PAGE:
The Infinitive governed by 'do' is nearly always simple: for instances see the preceding paragraph.

Page  lxv

After 'make' the simple Infinitive in a passive sense is very rare.

He made the toun sawte ofte tymes ful sore, Blanchardyn, 152/4; The good lady made bryng lynnen, Aymon, 129/7. Cf. Chaucer, Boece, p. 55, l. 1460: he lete brenne þe citee of Rome and made slen þe senatours.*. [Dr. Furnivall suggests that this construction may explain Shakspere's puzzle in All's Well, III. iv.: 'I see that men make rope's (make us to be ensnared) in such a scarre (fright) that we'll forsake ourselves.']

§ 27. To and for to preceding the Gerundial Infinitive.

As a rule, Caxton uses for to,

(a) In order to denote aim and purpose; (b) after substantives.

The first translates the French pour, the latter de. There are, however, exceptions. On the first sixty pages of Blanchardyn, to occurs eighty-six times, and of these only two are governed by nouns, viz., 16/6, 41/20. On the other hand, out of the eighty-six passages containing for to, there are but three governed by verbs, viz., 18/18, 29/25, 37/13. Here and there both to and for to occur in the same sentence:—

They alle sholde mounte on horsbacke for tenquyre and seke after his most dere and welbeloued sone, and to brynge hym ayen vnto hym, Blanchardyn, 20/21; ye myght well kepe your selfe that ye com not so often to see vs and for to doo vs harme, Aymon, 83/9.

§ 28. Functions of the Infinitive.

(a) Caxton sometimes uses the Infinitive—as in Old and Middle English—where we use the Gerund, especially after prepositions:—

Wythout aduenture to fynde, Blanchardyn, 31/18; Wythout to make ony noyse, Aymon, 78/24; yf I goo there wythoute myn armes, nor wythout to be as it apperteyneth, ibid. 219/31; wythout to be dyshonoured, ibid. 470/25. Infinitive with the Gerund, Blanchardyn, 37/15, 16; he salued hym prayng that for to paye well and largely content him, he wold vouchsauf to take hym for his hoste, Blanchardyn, 46/9; ye knowe well the offence that your broder halde doon to me, for to haue slayn soo cruelly Lohier, Aymon, 60/2; but none myght compare wyth Reynawde for to do well, Aymon, 82/3; yet ye be there and wel ferre for to be oute, Charles, 93/3; ye are gretely to blame for to displease kyng Arthur, Morte Darthur, 80/12.

Remnants of this use occur still in Spenser (? as conscious archaisms):—

Page  lxvi
  • 'Or who shall let me know
    On this vile body for to wreak my wrong.'

    Faërie Queene, II. viii. 28/4.

  • 'feare nought, then saide the Palmer well aviz'd, for these same Monsters are not these in deed,
    But are into these fearefull shapes disguiz'd
    By that same wicked witch, to worke in dreed,
    And draw from on this journey to proceed.'

    Ibid. II. xii. 26/5.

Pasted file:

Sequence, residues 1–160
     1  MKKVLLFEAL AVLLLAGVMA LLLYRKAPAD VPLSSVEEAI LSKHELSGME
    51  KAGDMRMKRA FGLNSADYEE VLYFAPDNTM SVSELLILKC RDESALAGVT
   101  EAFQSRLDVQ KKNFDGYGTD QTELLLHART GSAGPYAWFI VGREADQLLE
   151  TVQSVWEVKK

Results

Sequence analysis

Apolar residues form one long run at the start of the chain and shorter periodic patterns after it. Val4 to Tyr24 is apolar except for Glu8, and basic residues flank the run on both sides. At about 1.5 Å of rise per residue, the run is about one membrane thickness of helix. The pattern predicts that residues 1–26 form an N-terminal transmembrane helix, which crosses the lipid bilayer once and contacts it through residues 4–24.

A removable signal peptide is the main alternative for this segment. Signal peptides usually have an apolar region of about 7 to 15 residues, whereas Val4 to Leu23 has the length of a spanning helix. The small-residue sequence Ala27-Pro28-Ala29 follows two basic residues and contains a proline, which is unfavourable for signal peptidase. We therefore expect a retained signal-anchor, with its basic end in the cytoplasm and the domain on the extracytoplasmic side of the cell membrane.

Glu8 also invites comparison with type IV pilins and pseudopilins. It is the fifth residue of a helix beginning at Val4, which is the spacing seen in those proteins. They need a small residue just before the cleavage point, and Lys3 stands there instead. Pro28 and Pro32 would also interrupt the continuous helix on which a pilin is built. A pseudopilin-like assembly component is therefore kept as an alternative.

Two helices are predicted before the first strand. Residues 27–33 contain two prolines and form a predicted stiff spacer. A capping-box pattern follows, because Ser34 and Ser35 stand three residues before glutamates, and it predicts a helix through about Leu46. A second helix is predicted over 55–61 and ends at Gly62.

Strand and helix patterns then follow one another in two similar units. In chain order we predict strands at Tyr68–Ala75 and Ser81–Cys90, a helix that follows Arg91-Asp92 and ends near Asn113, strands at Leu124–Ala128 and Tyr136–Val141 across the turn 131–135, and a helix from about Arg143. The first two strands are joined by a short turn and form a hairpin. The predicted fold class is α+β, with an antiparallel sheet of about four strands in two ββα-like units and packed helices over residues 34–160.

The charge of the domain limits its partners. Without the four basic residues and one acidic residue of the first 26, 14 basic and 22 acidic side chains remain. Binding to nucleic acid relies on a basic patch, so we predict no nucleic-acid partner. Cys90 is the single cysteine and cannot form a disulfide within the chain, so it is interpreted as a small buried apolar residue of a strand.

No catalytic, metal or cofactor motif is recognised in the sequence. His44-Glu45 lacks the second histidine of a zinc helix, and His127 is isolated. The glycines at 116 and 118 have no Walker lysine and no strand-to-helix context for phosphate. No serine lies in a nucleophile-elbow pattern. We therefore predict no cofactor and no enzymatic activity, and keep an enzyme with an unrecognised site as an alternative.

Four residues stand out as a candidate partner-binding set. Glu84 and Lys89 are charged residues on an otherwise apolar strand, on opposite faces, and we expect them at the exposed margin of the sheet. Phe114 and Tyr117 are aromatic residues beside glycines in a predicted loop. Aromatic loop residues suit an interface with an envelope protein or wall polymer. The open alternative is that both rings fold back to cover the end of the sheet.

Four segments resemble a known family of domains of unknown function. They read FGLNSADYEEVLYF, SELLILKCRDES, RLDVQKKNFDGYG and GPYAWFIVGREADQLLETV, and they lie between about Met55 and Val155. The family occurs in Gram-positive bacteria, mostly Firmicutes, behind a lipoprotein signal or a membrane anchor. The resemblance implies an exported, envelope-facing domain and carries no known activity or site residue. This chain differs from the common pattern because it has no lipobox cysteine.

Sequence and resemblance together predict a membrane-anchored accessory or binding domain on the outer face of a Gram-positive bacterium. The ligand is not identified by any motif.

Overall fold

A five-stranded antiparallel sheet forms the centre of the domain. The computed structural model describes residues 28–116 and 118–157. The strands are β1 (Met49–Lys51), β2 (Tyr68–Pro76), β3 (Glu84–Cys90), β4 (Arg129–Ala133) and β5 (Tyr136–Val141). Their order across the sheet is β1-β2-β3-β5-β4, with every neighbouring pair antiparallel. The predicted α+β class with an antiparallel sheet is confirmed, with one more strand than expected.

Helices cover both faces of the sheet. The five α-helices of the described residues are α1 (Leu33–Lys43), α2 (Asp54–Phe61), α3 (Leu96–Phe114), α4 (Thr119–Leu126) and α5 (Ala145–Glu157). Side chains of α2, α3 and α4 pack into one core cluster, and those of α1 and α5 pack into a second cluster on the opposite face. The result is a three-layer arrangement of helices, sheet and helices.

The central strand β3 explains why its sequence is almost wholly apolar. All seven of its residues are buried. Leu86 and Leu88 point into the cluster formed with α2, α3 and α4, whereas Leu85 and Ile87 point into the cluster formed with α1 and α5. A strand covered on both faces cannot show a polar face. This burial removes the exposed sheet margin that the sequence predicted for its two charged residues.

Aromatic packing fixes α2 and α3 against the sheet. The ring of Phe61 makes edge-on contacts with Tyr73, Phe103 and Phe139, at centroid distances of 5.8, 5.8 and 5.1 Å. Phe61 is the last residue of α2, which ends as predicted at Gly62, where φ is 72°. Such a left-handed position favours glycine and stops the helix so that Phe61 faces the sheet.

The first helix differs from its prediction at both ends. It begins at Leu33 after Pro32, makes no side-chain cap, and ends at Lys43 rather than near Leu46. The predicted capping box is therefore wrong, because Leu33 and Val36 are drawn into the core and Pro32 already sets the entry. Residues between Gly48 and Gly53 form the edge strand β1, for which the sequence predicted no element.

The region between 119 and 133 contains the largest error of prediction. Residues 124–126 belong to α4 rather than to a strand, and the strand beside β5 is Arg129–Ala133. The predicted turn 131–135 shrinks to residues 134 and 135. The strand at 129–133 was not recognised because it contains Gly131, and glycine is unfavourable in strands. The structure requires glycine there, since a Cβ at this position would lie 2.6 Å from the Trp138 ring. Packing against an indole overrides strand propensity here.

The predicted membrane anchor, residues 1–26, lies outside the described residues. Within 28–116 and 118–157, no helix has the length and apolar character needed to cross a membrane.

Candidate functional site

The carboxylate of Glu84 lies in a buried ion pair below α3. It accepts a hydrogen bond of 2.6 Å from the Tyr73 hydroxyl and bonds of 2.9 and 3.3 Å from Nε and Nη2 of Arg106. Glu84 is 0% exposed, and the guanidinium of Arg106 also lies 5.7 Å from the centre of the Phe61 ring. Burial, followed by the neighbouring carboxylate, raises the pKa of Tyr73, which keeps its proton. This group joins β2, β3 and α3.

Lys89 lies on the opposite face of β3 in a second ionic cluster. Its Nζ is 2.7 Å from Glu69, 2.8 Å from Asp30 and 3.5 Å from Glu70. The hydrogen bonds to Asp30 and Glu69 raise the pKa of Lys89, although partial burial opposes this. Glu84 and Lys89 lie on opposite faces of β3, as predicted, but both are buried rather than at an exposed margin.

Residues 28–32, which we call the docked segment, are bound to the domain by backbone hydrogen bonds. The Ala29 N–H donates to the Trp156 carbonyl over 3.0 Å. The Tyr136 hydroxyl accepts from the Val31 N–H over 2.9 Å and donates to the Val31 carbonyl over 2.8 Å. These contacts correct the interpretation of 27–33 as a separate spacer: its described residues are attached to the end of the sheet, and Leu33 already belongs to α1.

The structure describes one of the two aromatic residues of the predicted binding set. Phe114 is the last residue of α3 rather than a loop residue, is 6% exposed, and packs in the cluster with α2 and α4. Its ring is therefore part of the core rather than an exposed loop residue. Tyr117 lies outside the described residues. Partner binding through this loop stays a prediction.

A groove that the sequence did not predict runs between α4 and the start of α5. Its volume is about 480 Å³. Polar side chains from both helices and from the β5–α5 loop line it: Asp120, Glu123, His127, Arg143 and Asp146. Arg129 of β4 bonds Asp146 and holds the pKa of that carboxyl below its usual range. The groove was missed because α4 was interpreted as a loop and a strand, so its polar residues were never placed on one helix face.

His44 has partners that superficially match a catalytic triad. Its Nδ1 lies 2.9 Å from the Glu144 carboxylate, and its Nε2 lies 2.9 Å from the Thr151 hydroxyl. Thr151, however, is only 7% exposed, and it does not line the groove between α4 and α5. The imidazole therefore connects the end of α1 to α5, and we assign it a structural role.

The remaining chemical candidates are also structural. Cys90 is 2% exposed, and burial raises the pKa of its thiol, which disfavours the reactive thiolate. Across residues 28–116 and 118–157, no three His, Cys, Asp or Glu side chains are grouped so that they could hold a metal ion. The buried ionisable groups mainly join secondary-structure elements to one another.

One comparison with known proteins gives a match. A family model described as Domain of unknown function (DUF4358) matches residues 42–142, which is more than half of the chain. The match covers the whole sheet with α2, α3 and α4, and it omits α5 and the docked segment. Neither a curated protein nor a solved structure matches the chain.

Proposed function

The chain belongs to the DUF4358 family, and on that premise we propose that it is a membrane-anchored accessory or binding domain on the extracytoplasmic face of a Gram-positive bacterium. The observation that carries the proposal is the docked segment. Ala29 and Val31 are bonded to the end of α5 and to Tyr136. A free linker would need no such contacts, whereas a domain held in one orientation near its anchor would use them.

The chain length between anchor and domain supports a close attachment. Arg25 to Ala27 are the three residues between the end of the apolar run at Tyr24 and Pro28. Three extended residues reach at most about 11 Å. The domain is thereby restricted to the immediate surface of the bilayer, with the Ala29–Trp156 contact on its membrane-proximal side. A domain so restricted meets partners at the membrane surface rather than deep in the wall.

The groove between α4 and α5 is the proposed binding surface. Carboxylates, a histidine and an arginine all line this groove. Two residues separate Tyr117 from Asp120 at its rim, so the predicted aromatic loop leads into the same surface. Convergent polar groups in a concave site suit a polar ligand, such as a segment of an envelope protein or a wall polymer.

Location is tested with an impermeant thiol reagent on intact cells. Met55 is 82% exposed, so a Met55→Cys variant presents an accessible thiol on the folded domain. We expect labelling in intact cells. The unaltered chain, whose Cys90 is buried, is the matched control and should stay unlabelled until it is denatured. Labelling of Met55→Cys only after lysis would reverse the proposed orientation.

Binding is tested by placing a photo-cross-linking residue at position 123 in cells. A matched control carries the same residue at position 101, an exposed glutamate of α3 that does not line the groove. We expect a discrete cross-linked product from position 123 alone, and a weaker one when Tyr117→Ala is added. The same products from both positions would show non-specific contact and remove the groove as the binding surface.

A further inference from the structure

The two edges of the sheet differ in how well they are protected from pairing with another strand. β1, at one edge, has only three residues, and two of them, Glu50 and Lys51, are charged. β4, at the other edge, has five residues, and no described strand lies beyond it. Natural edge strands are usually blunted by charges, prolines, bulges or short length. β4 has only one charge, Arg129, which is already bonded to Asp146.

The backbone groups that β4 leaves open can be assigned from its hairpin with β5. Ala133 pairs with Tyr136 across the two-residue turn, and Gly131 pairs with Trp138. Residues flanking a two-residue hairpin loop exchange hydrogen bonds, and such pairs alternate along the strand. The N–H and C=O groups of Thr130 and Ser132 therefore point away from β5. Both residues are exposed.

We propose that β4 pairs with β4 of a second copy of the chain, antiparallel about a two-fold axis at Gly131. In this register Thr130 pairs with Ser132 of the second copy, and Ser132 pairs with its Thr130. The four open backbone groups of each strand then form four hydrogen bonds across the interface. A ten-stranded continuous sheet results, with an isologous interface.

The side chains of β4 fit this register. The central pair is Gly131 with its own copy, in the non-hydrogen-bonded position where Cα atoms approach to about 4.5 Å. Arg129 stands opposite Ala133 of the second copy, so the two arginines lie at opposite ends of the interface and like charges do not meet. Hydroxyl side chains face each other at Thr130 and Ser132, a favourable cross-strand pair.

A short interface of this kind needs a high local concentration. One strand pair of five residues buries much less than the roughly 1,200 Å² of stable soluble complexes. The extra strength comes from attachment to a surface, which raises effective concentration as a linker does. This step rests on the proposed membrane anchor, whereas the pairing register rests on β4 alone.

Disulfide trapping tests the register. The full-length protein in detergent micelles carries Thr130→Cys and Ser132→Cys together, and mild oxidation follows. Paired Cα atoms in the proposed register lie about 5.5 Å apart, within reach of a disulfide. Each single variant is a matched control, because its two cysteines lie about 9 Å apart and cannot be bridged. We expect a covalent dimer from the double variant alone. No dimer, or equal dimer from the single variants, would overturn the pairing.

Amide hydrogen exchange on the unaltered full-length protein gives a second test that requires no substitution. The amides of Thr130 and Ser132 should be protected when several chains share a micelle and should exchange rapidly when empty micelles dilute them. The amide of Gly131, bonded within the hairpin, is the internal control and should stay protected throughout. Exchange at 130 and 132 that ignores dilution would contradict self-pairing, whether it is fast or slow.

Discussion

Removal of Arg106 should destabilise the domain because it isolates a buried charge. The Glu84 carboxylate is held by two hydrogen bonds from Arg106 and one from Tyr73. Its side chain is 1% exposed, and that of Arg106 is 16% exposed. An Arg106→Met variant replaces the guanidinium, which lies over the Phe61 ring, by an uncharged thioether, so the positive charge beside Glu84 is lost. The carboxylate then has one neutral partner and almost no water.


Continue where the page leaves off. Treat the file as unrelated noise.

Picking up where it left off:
(b) The Infinitive used instead of a whole clause (as a manyworded adverb):—

They kylled and slue and hurte sore many one, Deffendynge hem selfe soo strongely ayenste their enmyes, to theyr grete losse and damage, and to wythdrawe them self ayen = so that they withdrew themselves (original: 'maint en naurerent et occirent en eul deffendant, tellement que leurs ennemis, a leur grant perte et dommage, sen retournerent arrieve sans gaires prouffiter, car moult en yolt de mors et de naures'), Blanchardyn, 187/10; he lefte not for to be forthwith quartered . . . but that he toke that same sarasyn by the heyre, etc., Charles the Grete, 132/18; for to renne xxx leghes he wold not be wery, ibid. 150/13; Here is to hard a mocke for me, and ye wynne not moche by, for to gabbe me of this facyon, Aymon, 338/29 (conditional clause); and soo he lete conduyte the harper out of the countrey but to say that kyng Mark was wonderly wrothe he was (conditional clause), Morte Darthur, 465/12.

There are several instances of this use in Berners's Huon, and here and there in Elizabethan writers:—

Syr, quod they, to dye in the quarell we shall ayde and socoure you (edition of 1601: were we sure to dye, etc.), Huon, 22/2; I thanke the of thy grace to haue gyuen me the puyssaunce to sle such a creature (ed. of 1601: that thou hast gyuen me, etc.), ibid. 109/21; as long as I lyue I shal neuer forgete Huon, and shal alwayes, to dye in the payne, kepe me for the bodely company of ony man lyuinge (ed. of 1601: and shal alwayes be redy to dye in the payne and kepe me fro, etc.), ibid. 195/14; yf he had knowen it to haue dyed in the quarel he wolde neuer haue consented to that treason, ibid. 284/6; Comforte your men, who hathe great desyre to defende this citye for the sauegarde of their owne bodyes and lyues, thus to make sorow ye can wyn nothynge therby, ibid. 387/30.